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Title: Vapor Phase Lubrication of MicroElectro Mechanical Systems (MEMS): An atomistic approach to solve friction and stiction in MEMS
Authors: Varma, Manju R
Advisors: Jacqueline Krim, Committee Chair
Keywords: MEMS
Vapor
Lubrication
Stiction
Friction
Issue Date: 5-Sep-2003
Degree: MS
Discipline: Electrical Engineering
Abstract: The motivation for this thesis is the desire to overcome the problem associated with reliability and yield of these staggeringly small devices called MicroElectro Mechanical Systems (MEMS). The field of microelctromechanical systems involves the interaction of the physical environment with electrical signals through the use of microbatch-fabricated devices. MEMS is an emerging technology which finds applications in diverse fields such as automotive, medicine, aeronautics, communication and defense. The device dimensions range well into the micrometer regime and are soon approaching the length scales studied by nanotribologists Though the MEMS technology has made a substantial impact over the past decade at the device or component level, it has yet to realize a wide range commercial success. Stiction, adhesion, friction and wear seem to be the main deterrents to their lifetime, and hence full commercialization of these devices. These problems can be attributed to the high surface-to-volume ratio, substantial solid surface nanocontacts, close proximity of microstructures and a myriad other device complications. Several researchers have come up with solutions to avoid release-related stiction, but in-use stiction and friction still persist, proving detrimental to the life span of these microstructures. Though a variety of engineering solutions have been employed to solve them, lubrication of these microelectromechanical systems still remains to be a difficult issue because, the semiconductor like fabrication and small size makes lubrication a challenge in crevices and surfaces beyond the line of sight. In this study, an attempt is made to investigate the in-use stiction and frictional effects by screening vapor phase lubricants on materials of relevance to MEMS using modern nanotribological techniques. The surface effects of silicon after screening vapor phase lubricants are studied using Quartz Crystal Microbalance (QCM) technique in ultra high vacuum. The most promising candidates are then screened on specially designed microstructures called Sidewall tribometers or Friction testers, to study the frictional and wear characteristics. The primary advantage of thermally activated vapor phase lubrication approach is conformality and in-situ replenishment of the lubricant as the lubricating film is worn away. We have studied the adsorption of the vapor phase lubricant t-butyl phenyl phosphate (TBPP) on Si and Si-OTS (octadecyltrichlorosilane) surfaces. Results show that this particular vapor phase lubricant and the SAM coating of OTS show a synergistic relationship. TBPP not only lubricates OTS but acts as a protective coat at high temperatures. We have managed to build a system for the uptake of vapor phase lubricants on the MEMS friction testers under vacuum conditions. This new and improved friction test setup will help in understanding the frictional characteristics of these microstructures, and possibly aid in developing a reliable solution to overcome the myriad problems associated with friction and stiction of MicroElectro Mechanical Systems. The following thesis report describes the status of the project and a summary of results.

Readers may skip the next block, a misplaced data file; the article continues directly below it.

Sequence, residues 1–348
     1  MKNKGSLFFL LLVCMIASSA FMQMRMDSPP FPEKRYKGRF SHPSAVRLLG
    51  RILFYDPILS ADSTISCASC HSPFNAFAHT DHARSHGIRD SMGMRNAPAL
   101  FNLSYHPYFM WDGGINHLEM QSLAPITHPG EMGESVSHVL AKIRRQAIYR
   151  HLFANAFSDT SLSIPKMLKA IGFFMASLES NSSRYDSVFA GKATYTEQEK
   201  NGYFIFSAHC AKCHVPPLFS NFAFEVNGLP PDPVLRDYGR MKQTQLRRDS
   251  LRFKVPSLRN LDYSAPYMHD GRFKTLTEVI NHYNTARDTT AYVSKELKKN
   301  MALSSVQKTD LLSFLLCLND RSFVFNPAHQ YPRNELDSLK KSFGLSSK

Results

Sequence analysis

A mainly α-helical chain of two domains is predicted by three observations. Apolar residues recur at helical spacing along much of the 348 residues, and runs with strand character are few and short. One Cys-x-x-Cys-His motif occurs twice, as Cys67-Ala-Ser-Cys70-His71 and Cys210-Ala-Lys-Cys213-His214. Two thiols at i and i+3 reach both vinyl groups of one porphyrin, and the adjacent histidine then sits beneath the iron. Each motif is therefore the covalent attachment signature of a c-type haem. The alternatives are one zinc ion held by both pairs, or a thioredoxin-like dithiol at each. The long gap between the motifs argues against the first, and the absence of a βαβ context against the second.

URI: http://www.lib.ncsu.edu/resolver/1840.16/2554
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